Does the FAA have a list of medical conditions that can prevent you from flying a drone?

Many commenters also suggested that the FAA release a list of medical conditions that could be considered sufficiently incapacitating for a drone pilot. The FAA also did not resort to this, arguing that different medical conditions may have different effects on how a person can handle a wide range of drone operations.

For instance, a person who lacks the dexterity to operate the sticks and buttons of a remote controller may still be able to fly a drone using visual commands. For those who are in doubt of how their conditions can affect how well they can act as a drone pilot, the FAA recommends consulting a physician for professional advice. In any case, the FAA believes that a self-assessment is a sufficient measure to prevent any health-related drone accidents.

How to do a self-assessment to determine if you are fit to fly a drone

In the absence of any strict rules on doing a self-assessment prior to flying a drone, many people have been asking if there are guidelines that can be followed instead. To come up with such a list, we look to the expertise of community-based organizations and the people who have spent several years flying drones. Here are some physical and mental conditions to take note of:

  1. Any instance of blurred vision that will prevent you from seeing your drone or any potentials clearly. Drone pilots are expected to maintain “see and avoid” vigilance at all times, and the lack of clear vision may mean that you cannot perform the necessary evasive measures on time to avoid crashes.
  2. Any temporary or permanent loss of dexterity that may prevent you from operating a drone using a remote controller. A crash may occur if you end up issuing the wrong commands to your drone because such a condition, especially if you’re flying near obstacles. A loss in dexterity will also make it difficult to react to dangerous conditions, such as an incoming manned aircraft or another drone in the vicinity.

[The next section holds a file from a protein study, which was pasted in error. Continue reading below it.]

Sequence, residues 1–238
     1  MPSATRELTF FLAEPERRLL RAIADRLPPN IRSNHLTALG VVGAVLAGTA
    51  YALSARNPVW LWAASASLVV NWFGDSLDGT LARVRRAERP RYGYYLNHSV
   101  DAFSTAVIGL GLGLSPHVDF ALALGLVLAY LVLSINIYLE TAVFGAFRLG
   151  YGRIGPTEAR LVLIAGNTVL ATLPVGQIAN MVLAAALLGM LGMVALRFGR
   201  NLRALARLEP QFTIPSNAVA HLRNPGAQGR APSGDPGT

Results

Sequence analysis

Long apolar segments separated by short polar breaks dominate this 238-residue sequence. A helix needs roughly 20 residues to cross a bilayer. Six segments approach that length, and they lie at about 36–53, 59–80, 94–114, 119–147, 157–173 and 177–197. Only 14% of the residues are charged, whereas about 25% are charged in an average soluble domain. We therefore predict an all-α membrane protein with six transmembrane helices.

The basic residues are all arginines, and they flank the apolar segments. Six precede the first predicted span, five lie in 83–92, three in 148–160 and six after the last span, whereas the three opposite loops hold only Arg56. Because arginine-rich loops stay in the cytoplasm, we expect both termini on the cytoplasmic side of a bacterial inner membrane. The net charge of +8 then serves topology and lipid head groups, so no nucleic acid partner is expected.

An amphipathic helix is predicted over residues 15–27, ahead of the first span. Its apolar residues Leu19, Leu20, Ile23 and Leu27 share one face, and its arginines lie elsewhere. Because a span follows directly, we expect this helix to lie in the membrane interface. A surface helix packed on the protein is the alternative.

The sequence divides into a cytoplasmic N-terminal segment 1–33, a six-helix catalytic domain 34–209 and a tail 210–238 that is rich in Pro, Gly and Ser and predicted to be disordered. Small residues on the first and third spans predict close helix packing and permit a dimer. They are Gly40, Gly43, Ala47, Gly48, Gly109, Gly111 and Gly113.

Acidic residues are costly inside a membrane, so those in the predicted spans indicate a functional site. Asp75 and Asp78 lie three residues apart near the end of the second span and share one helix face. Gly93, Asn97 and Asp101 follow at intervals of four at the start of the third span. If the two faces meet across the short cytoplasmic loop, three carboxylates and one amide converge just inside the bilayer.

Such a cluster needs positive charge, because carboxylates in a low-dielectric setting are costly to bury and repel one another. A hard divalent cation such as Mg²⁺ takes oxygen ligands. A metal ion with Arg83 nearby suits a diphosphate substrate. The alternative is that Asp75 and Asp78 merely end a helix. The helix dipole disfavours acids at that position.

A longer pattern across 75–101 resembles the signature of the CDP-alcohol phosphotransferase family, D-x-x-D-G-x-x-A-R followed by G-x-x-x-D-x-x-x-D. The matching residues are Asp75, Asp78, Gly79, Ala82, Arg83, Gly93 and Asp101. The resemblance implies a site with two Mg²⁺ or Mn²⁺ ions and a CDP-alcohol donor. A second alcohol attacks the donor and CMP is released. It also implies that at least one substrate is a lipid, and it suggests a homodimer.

3. Any condition that will result in reduced situational awareness is considered dangerous for drone pilots. There could be many reasons for such a condition. If you have taken alcohol, drugs, or any medication that can cause dizziness or a state of lethargy, then you may want to wait until those effects dissipate. This can also be caused by a debilitating physical condition such as a migraine or any severe body ache. A good rule of thumb to follow is that you aren’t able to drive a car or operate any heavy machinery in your current state, then you probably aren’t fit to fly a drone.
  4. If you are flying a drone flight mission that needs a crew, then any condition that will cause a hearing or speaking impairment could jeopardize the safety of your mission. This is true whether you are the pilot-in-command or are merely providing support as a visual observer. Take note that one of the important characteristics of a drone flight crew is effective communication. However, the FAA allows alternative forms of communication if verbal methods are unavailable, such as communication by sign language.

Final thoughts

Despite the lack of strict regulations on physical and mental fitness, the FAA still recognizes its importance in drone flight. The only reason that the FAA is giving such a wide berth to drone pilots with regards to the matter is that they believe that the existing flight restrictions already act as sufficient safety measures against drone flights causing any personal injury or property damage.

The FAA also expects drone pilots to exercise their sound judgment when assessing if they are in the proper condition to fly a drone. Drone pilots certainly enjoy this freedom, and the best way to keep it is to use it responsibly.

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Pilot Institute

Pilot Institute

Comments

  1. Very informative, I can see limitless applications drones can contribute.